Tax Leaders Shelve Effort to Impose Border Adjustable Tax

House Speaker Paul Ryan (R-Wis.). (Rob Kunzig/Morning Consult)

Lawmakers and White House officials who have been developing the Republican tax reform plan said Thursday that they’re setting aside a key element of the House GOP tax reform “blueprint” that would have imposed a tax on import income while exempting exports.

The agreement to shelve the plan, known as the border adjustment tax, comes after over a year of controversy surrounding the concept. Supporters of the tax, led by House Speaker Paul Ryan (R-Wis.) and Ways and Means Committee Chairman Kevin Brady (R-Texas), argued that implementing border adjustability would have advantaged U.S. manufacturers — but they faced resistance from conservative groups and the retail industry, which lobbied against the proposal because of worries about new import taxes.

“While we have debated the pro-growth benefits of border adjustability, we appreciate that there are many unknowns associated with it and have decided to set this policy aside in order to advance tax reform,” the joint statement said. In addition to Brady and Ryan, Senate Finance Committee Chairman Orrin Hatch (R-Utah), Senate Majority Leader Mitch McConnell (R-Ky.), National Economic Council Director Gary Cohn and Treasury Secretary Steven Mnuchin signed the statement.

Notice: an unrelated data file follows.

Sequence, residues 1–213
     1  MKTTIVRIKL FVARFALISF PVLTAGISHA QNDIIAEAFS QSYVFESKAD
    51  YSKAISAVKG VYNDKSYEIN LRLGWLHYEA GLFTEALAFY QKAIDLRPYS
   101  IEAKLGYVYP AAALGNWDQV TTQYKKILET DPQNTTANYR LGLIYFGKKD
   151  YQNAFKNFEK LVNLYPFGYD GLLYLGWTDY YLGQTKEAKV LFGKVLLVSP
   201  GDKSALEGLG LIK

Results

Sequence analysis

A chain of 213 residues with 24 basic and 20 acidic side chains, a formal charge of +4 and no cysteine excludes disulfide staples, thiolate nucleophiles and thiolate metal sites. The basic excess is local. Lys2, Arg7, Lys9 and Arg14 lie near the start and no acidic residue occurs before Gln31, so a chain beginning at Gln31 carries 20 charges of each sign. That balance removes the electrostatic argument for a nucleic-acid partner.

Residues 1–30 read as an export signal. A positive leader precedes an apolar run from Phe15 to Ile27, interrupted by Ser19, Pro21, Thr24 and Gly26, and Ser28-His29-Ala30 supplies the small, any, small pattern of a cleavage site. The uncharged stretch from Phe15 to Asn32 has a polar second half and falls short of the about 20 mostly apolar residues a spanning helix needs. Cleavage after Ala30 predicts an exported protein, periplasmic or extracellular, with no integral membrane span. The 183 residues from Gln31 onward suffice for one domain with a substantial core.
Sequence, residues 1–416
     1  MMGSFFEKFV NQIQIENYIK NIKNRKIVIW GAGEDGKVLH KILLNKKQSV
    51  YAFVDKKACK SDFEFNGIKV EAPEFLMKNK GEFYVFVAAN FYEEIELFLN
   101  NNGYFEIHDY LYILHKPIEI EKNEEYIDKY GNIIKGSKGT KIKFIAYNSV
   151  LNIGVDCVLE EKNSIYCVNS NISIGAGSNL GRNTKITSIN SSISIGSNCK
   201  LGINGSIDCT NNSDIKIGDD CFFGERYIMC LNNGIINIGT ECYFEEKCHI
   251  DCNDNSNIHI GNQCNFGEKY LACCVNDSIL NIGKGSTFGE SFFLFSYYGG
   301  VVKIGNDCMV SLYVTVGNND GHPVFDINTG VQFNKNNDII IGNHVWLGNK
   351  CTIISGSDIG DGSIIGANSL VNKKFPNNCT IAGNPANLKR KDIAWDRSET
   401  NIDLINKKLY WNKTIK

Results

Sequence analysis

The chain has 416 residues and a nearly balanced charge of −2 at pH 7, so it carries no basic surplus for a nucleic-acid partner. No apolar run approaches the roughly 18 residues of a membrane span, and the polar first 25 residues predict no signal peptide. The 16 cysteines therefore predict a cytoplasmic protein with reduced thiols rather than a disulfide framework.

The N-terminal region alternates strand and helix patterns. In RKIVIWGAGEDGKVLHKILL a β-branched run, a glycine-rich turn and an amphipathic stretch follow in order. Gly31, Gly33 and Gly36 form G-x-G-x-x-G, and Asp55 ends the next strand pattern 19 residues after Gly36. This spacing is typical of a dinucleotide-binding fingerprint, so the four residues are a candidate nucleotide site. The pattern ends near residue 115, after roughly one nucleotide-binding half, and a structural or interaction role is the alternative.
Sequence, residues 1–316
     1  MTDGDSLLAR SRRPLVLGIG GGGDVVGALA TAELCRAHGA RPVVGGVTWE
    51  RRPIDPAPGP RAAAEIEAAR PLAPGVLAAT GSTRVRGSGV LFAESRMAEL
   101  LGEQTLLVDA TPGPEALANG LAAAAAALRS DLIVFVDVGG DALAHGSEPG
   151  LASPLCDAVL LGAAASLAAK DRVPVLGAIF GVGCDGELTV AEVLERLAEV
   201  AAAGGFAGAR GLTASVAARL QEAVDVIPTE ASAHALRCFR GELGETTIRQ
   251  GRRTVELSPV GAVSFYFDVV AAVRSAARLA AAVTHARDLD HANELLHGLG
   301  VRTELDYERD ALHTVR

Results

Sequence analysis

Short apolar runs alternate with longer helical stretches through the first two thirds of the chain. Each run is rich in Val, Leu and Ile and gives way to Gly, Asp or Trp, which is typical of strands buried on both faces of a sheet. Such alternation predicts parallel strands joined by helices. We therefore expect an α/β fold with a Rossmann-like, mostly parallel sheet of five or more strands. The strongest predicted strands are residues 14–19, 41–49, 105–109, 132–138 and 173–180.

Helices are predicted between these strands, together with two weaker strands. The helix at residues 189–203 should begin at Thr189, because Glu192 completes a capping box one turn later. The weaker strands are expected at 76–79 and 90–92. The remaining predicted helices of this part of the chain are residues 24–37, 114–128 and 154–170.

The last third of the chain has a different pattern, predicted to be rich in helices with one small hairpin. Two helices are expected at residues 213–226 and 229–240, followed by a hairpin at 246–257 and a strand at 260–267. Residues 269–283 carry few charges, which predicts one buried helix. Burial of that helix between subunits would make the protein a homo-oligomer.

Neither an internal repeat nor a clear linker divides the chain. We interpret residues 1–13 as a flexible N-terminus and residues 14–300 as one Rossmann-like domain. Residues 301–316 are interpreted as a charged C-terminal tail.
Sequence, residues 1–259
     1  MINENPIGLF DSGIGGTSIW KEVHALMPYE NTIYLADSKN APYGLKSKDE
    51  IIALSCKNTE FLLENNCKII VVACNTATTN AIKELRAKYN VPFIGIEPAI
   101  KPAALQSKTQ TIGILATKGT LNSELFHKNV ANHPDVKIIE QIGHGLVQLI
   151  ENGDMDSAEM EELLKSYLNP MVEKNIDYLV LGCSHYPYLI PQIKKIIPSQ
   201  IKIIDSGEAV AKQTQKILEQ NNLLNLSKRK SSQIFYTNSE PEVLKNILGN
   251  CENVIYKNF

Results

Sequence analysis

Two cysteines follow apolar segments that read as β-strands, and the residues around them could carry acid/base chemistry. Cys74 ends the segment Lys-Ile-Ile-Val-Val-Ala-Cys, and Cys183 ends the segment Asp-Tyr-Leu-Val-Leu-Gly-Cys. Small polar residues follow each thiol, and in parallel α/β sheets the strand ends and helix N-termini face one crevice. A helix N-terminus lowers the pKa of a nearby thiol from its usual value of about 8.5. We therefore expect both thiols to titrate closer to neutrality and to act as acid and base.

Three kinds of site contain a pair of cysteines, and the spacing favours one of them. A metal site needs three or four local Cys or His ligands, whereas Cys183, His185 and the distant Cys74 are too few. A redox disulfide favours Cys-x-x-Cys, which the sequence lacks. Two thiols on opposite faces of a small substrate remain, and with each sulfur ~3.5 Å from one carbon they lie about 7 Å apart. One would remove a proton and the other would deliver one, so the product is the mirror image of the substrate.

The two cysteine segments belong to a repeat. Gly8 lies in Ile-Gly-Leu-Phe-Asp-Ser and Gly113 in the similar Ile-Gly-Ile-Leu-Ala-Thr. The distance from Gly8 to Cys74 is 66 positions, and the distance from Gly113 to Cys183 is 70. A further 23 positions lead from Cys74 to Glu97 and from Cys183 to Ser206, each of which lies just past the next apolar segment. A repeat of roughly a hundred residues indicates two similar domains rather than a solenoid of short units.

According to the statement, the goal of the current tax reform discussions is to come up with a plan “that reduces tax rates as much as possible, allows unprecedented capital expensing, places a priority on permanence, and creates a system that encourages American companies to bring back jobs and profits trapped overseas.”

Speaking to reporters after the joint statement’s release, Brady said tax writers are exploring a “viable alternative” to border adjustment. That includes a discussion, slated for August, about the revenue effects of removing the BAT and how it could affect proposed cuts to tax rates. The right-leaning Tax Foundation has estimated border adjustment could bring in $1.1 trillion over a decade.

“We will just continue to work toward lowering those rates,” Brady said.

Americans for Affordable Products, which is made up of retail industry groups and companies, applauded the decision on the BAT in a Thursday statement.

“The nearly 600 members of the Americans for Affordable Products coalition are very pleased to see the released tax reform framework representing the viewpoints of the White House and majority party in the U.S. House and Senate has finally and definitively taken the misguided Border Adjustment Tax off the table,” the group said in an emailed statement.

The American Made Coalition, the most prominent group supporting the BAT, did not address the BAT’s omission in a Thursday statement. Instead, the group acknowledged that congressional and administration officials “have unified around a shared vision for comprehensive tax reform that will generate sustained economic growth,” and backed the commitment to lower the corporate tax rate and the proposed transition to a territorial tax system.

The resolution of the border adjustability divide within Republican ranks means that the main obstacle ahead for Republican tax writers will likely be congressional Democrats, who have already begun comparing the tax reform process to the ongoing debate over repealing the Affordable Care Act.

“If Republicans continue this partisan process, they are doomed to repeat the same mistakes they have made trying to upend our health care system,” Rep. Richard Neal (Mass.), the top Democrat on Ways and Means, said in a statement Thursday.

Anna Gronewold contributed.

Morning Consult